By art 3 (3) (c) of a decree dated 21 May 2014 (Law No. (7) of 2014 Amending Law No. (9) of 2004 Concerning the Dubai International Financial Centre) the Ruler of Dubai established the Dubai Dispute Resolution Authority, Art 8 (1) of the Law provides that the Authority shall be comprised of the DIFC Courts, the DIFC-LCIA Arbitration Centre and any other tribunals or ancillary bodies established in accordance with Article 8(5)(b) of that Law. At present, those ancillary bodies include the Academy of Law
which regulates as well as educates DIFC Court practitioners and the Wills and Probate Registry for non-Muslims with assets in Dubai.
The Authority's mission is to be "a platform for delivering legal excellence in the Middle East and the gateway to a suite of services available to businesses operating in Dubai and beyond." In a white paper distributed by The Lawyer on the 18 July 2016, James Foster and Robyn Waller of Gowling WLG list 15 facts about the Authority to consider when drafting an international contract. These include:
- the freedom for parties to choose the governing law of the contract;
- the absence of a requirement that any of the parties has a connection with Dubai;
- the prestige and experience of its judges; and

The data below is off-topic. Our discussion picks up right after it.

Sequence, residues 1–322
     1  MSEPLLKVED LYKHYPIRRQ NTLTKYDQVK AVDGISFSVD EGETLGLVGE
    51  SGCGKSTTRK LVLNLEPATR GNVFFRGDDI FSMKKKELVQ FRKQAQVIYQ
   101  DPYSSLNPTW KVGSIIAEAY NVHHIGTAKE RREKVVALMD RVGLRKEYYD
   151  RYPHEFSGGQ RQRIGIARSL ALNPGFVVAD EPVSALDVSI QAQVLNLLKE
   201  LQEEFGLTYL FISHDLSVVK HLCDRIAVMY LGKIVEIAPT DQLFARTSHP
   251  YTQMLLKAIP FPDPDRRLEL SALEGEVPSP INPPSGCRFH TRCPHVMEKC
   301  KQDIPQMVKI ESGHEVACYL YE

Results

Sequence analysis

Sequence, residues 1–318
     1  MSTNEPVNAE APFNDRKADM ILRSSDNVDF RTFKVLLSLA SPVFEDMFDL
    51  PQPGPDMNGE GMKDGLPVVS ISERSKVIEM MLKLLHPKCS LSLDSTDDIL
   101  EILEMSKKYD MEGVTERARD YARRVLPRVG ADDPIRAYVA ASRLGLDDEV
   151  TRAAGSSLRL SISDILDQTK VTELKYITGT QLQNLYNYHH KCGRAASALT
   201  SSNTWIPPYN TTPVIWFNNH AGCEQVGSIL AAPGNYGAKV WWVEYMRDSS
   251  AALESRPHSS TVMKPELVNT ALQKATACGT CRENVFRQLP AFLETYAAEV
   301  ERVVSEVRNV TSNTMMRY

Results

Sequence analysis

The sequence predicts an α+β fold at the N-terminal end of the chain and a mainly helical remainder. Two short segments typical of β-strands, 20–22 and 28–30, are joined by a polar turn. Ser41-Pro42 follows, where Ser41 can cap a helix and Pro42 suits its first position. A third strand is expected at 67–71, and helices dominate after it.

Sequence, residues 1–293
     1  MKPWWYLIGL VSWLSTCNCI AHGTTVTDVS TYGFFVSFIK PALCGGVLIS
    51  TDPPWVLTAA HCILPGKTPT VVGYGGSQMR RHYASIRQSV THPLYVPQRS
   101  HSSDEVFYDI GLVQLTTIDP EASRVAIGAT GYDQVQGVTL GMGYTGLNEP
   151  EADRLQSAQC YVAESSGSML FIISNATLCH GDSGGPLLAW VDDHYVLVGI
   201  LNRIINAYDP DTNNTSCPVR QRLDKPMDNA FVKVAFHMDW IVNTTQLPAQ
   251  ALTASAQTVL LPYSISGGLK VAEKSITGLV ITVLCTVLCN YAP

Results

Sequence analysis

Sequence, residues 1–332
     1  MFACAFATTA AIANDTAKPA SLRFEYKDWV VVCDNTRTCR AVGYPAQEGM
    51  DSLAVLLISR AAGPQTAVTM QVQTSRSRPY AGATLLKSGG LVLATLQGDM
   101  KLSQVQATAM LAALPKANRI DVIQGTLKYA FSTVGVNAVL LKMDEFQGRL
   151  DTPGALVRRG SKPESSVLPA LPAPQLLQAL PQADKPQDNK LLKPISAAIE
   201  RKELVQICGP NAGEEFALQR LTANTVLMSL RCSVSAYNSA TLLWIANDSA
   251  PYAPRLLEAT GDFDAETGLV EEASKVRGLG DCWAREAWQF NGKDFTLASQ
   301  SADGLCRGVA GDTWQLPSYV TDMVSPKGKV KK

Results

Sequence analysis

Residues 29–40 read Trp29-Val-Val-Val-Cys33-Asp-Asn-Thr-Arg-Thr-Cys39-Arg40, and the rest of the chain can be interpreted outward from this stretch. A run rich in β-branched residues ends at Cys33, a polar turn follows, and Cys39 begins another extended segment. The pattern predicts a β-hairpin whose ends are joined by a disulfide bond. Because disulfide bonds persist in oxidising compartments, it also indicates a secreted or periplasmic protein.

- the DIFC Courts' propensity for innovation.
On the last two points, a press release from the Courts dated 18 May 2016 announced that Sir David Steel had succeeded Sir John Chadwick as Deputy Chief Justice of the DIFC Courts and that Sir Jeremy Cooke had joined the bench and an article in the Emirates Insider announced that the DIFC Courts will open a virtual court in September (see DIFC Courts to launch GCC's first 'virtual court' 23 July 2016 Emirates Insider). The court, which will hear claims of up to AED 1 million (£207,289) using VoIP technology which will enable small and medium enterprises to recover debts and employees compensation for wrongful dismissal without returning to Dubai.
It should be remembered that the DIFC has its own law of confidence (see DIFC Law of Confidence 27 Jan 2011) and action for passing off (see The DIFC Law of Passing off 7 April 2011). There does not seem to be any reason why this new online court should not entertain trade secrets, franchising and licensing disputes. Practitioners from all jurisdictions can qualify to practise in Dubai but as the rules and practice are modelled on the Civil Procedure Rules and so many of the judges are from London members of the English bar are particularly well placed to do so.
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